cargohandbook.com, the world’s largest database on transportation of cargoes in the marine industry. It aims to share the best knowledge available on cargo transportation, thereby contributing to awareness and prevention of loss, with information on over 750 commodities and with the emphasis on overseas transportation. For refrigerated cargo, the website gives all the correct temperature settings for reefer units. “A lot of people don’t have the


right information or knowledge of hazards,” explains Jeroen de Haas. “Here in Rotterdam we see how much cargo has to be disposed of, and it’s an incredible amount.” Sometimes


the causes of


Airfreight ‘needs to be more joined up’


It would be wrong to suggest that every perishables airfreight shipment ended in disaster – otherwise, retailers wouldn’t spend good money flying fruit and veg thousands of miles – but poor communications and a disjointed supply chain create many problems, a leading grower’s representative told the Cool Logistics conference in Antwerp on 25 September. Philip Symons, European sales


director at grower’s co-operative North Bay Produce, which flies produce all over the world from North and South America, said though, that the large number of players involved in the process and the complexity of


airfreight


did lead to many unnecessary problems. He said: “It’s oſten an


accumulation of different things, and it’s also oſten the result of poor communication.” Some products should simply


damage to cargo can be hard to track down. For example, this year there were a lot of problems with grapes imported from Brazil in poor condition, despite the use of refrigerated trucks and trailers throughout the


journey. “We


investigated and found that the refrigeration wasn’t being used during the road transport leg. Drivers were turning it off to save fuel, which we found out when we downloaded the temperature records.”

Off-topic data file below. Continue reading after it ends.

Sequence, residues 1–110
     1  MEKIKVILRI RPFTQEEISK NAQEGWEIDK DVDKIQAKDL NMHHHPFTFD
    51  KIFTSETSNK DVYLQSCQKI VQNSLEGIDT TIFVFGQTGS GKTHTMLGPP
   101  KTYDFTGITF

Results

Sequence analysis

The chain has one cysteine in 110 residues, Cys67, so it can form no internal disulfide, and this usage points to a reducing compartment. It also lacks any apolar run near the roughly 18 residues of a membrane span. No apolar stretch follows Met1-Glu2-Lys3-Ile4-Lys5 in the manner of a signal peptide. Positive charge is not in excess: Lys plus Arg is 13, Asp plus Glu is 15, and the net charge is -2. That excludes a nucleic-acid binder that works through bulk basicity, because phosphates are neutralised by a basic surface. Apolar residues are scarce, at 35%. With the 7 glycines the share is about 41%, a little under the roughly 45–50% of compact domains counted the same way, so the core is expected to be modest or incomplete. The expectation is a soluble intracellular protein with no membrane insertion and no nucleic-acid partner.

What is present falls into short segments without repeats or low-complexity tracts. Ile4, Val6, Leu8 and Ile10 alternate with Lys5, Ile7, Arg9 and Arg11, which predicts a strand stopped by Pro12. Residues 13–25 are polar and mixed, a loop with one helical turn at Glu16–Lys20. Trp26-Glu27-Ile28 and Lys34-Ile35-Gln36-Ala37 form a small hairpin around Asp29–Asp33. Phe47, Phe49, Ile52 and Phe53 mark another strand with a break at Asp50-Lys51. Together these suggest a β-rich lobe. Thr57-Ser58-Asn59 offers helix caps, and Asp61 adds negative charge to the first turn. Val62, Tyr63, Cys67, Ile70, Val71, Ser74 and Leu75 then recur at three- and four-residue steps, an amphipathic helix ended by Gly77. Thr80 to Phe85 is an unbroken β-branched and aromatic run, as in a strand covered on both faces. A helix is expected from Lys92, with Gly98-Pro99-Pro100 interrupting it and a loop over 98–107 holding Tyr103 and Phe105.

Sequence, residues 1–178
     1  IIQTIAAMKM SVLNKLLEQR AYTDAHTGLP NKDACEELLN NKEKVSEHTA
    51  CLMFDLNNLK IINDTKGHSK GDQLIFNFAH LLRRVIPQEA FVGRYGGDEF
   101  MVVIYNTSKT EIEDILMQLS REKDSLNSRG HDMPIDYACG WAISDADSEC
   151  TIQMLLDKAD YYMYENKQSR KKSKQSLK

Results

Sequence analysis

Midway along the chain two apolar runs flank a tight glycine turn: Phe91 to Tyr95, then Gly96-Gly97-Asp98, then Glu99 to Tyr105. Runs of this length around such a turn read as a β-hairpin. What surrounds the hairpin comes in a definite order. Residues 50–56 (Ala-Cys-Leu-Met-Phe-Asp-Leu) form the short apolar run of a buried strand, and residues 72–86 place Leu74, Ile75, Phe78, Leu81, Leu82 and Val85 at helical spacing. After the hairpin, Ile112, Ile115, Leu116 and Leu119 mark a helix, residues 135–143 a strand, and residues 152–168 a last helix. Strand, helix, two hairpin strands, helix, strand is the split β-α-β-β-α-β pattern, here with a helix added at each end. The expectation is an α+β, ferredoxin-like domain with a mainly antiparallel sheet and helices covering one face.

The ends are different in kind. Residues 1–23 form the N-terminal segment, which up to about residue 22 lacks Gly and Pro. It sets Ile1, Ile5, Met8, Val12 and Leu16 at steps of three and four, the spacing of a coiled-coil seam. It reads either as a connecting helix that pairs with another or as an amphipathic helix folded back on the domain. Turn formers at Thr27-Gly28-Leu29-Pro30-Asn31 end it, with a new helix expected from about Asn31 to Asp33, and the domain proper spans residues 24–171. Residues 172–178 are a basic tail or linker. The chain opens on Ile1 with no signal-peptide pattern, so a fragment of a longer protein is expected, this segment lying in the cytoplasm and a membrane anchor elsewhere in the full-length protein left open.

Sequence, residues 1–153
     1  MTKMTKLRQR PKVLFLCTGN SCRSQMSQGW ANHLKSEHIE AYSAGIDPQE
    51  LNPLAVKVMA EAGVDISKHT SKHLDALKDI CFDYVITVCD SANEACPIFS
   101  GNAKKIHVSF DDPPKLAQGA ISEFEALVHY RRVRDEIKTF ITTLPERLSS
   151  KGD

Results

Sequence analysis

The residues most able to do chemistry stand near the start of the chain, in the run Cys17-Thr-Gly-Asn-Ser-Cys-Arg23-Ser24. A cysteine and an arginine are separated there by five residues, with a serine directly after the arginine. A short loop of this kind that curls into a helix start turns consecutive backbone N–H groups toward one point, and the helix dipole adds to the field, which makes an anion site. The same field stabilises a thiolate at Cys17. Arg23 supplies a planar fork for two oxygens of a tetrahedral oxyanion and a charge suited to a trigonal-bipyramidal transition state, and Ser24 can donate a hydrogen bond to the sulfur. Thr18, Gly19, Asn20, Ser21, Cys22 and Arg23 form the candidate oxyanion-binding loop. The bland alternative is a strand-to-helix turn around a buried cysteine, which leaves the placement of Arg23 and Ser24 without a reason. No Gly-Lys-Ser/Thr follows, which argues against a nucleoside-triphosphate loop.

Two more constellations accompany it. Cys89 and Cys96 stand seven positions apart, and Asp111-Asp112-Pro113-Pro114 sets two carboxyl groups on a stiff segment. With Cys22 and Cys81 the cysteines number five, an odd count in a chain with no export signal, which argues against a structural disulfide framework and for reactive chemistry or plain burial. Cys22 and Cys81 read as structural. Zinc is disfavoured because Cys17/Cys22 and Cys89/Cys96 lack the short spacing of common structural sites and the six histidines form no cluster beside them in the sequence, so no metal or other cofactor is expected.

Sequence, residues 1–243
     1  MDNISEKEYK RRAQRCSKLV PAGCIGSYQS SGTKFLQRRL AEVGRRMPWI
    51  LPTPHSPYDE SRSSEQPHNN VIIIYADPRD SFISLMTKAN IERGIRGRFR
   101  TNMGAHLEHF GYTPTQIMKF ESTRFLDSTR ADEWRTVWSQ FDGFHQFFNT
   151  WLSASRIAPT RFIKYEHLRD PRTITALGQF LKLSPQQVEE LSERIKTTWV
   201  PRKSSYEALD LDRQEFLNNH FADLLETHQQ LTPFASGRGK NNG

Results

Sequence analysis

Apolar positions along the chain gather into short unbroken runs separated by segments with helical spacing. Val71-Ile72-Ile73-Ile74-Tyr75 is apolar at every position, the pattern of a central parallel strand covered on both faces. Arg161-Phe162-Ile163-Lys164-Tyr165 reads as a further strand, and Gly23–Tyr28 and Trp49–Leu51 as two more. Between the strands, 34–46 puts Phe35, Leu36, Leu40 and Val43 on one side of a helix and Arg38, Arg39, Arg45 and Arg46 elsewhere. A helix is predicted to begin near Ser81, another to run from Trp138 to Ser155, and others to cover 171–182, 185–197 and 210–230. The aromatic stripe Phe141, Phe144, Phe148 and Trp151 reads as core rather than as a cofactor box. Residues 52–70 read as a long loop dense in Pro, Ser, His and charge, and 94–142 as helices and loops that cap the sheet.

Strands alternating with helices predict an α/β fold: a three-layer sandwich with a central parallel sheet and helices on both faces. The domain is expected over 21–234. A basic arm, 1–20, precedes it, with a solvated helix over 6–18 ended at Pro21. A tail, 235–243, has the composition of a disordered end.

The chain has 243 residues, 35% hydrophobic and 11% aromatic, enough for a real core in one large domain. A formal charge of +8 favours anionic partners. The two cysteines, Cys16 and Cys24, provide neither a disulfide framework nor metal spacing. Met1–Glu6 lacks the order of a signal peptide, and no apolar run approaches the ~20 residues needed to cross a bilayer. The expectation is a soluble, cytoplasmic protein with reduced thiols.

never have been selected for airfreight, the packaging may be inadequate and oſten products were not brought down to the correct temperature before being placed in the cargo hold. Many producers – oſten seasonal and relying on unskilled, temporary labour - lacked the facilities and knowledge to successfully export by air, Mr Symons suggested. Produce was oſten transported


in unsuitable packaging, such as plastic bags which tended to create condensation when the product was cooled down or in cheap cardboard boxes which fell apart


and then oſten fell over inside airfreight containers. Logistics companies and


forwarders, likewise, lacked proper vehicles and storage, and on many of the most popular routes for airfreight, there could be a lack of capacity and, in many cases, no direct services to Europe. Keeping perishables at the correct temperature throughout an air journey was acknowledged to be difficult. While expensive, life-saving pharmaceuticals and even higher end food like meat and fish might justify controlled atmosphere containers, this was rarely possible in the fruit and veg trade, said Mr Symons. At destination, it was a similar


story of delays in picking up cargo and a lack of facilities to bring it to the correct temperature for onward transport. The speaker suggested that


retailers needed to look beyond the age of the product and consider how many ‘heat hours’ it had been subjected to before deciding on stock rotation and shelf life. But retailers were reluctant to vary their stated shelf lives to take into account all these factors. As it is, around 20% of all


airfreighted produce fails ends up being thrown away. Symons urged the industry to


take a more holistic view of the supply chain and draw up clear guidelines on procedures such as how to measure the temperature of consignments. Participants should also be encouraged to share more data and information.


Issue 6 2012


31